Khulan (Equus hemionus), a species of wild ass living in the Gobi Desert, travel extremely long distances to meet their water needs – a strategy that will require urgent conservation interventions as local human impacts increase, says a team of scientists.

Publishing their results in the journal Scientific Reports, researchers from the University of Veterinary Medicine in Vienna, WCS, and the Norwegian Institute of Nature Research used GPS collars to track the world’s largest remaining khulan population in Mongolia’s South Gobi Region.

The researchers were able to identify 367 waterpoints, 53 of which received intensive and repeated uses by many different khulan over multiple years and thus considered to be of high importance for the entire population.  However, the large number of less-visited waterpoints are also important as they provide “stepping-stones” to switch between areas and allow for maximal movement flexibility.

The need to drink daily is an important driver of khulan movements. Khulan drink almost daily and normally require 12–15 litres of water per day and up to 24 litres on hot days. The low water content of their plant resources further increases the animals’ need to drink.

Under a warming climate (higher evaporation, increased heat stress of plants) the need to access water can be expected to increase and may reduce the radius at which khulan can graze away from water, thus reducing the pasture area that is functionally available for the khulan population. Furthermore, the frequency of extreme events like droughts and extreme winters (both with no snow or extreme amounts of snow) is expected to further increase. The high mobility of khulan and other migratory wild ungulates is the best strategy to cope with this uncertainty, but requires a high level of landscape connectivity.

In the Mongolian Gobi, khulan roam over thousands of square kilometres, a range among the largest reported for terrestrial mammals. These large nomadic movements are a consequence of the low and unpredictable resource base with both the availability of pasture and water changing within and between years. To survive and thrive in such landscapes, movement flexibility is key but may be threatened by increasing human impact on the khulan’s habitat resulting in habitat fragmentation.

Most large herbivores in arid landscapes are especially vulnerable to disturbances of their habitat. In many other of the world’s drylands, human exploitation of water for agriculture, industry, and domestic uses increasingly drives the availability and access to water for wildlife. Khulan tend to use pastures within 7 km of water and areas beyond 15-20 km of water become functionally inaccessible.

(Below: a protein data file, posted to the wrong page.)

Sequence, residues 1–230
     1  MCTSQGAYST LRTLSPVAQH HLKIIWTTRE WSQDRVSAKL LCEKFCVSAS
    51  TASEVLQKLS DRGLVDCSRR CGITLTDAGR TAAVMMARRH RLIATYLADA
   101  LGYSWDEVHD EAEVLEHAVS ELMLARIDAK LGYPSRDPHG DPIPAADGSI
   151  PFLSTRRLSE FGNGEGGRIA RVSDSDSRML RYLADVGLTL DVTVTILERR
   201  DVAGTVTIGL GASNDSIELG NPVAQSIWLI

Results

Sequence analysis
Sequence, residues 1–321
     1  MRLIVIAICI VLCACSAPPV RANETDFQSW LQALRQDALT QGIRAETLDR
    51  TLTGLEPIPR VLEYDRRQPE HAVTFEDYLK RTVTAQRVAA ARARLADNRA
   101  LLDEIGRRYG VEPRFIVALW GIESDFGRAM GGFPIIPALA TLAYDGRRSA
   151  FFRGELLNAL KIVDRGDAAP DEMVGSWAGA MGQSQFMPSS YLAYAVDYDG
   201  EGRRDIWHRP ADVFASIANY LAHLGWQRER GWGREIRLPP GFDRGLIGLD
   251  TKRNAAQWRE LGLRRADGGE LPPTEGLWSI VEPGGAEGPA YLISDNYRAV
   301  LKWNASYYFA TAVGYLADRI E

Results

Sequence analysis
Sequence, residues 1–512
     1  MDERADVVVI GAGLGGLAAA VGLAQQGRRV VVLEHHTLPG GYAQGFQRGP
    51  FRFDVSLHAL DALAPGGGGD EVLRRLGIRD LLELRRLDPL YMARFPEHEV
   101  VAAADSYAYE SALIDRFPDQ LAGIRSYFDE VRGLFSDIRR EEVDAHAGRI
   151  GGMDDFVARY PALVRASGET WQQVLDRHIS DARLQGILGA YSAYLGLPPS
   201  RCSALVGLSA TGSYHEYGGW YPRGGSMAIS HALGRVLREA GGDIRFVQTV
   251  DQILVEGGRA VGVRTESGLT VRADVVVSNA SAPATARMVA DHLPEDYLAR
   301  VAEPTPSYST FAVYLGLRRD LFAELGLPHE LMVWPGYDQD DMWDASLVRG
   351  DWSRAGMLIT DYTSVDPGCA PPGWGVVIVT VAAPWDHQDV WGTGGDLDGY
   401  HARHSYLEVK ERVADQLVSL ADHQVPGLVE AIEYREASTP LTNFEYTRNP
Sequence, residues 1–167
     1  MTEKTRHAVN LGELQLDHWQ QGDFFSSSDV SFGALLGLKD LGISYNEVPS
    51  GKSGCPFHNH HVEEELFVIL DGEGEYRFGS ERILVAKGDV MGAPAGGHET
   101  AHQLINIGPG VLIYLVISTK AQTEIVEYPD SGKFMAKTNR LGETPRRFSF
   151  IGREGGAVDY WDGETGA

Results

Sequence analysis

“Blocking access to water excludes khulan from the landscape and identifying important waterpoints in arid landscapes like the Gobi Desert is therefore essential for wildlife-friendly land-use planning,” said lead author John Payne of the Research Institute of Wildlife Ecology.

Until recently widespread and abundant throughout the arid landscapes of Central Asia and Mongolia, the number of khulan has declined dramatically in the 19th and 20th century.  Besides changes in land use and overhunting, the increasing difficulty in accessing water is believed to have played a major role in this development. Until now, however, there had been little data on how water availability is influencing movements.

Said co-author Chris Walzer, Executive Director of WCS’s Health Programs: “Khulan are living barometers of the health of Central Asia’s unpeopled, arid landscapes. Any human development of this fragile region must be done with extreme care or we will lose the wildlife that have called this area home for thousands of years.”

According to the researchers, the most important variable for the seasonally different use of the waterpoints is snow cover (or the lack thereof). In the deserts of Central Asia and Mongolia, a lack of snow, the low water content of the vegetation, and the freezing of small and stagnant water bodies can result in drought conditions during winter. In extreme cases, these factors can result in winter die-offs of local wildlife populations.

Khulan´s highly mobile lifestyle is a coping strategy during localized catastrophic weather events, but this requires habitats that allow large scale movements – which in turn necessitates maintaining landscape connectivity.

Said co-author Petra Kaczensky of the University of Veterinary Medicine Vienna: “Our results provide important data that can help guide a regional khulan conservation strategy, allow predictions for other khulan populations, and illustrate the overall importance of waterpoints for dryland herbivores.”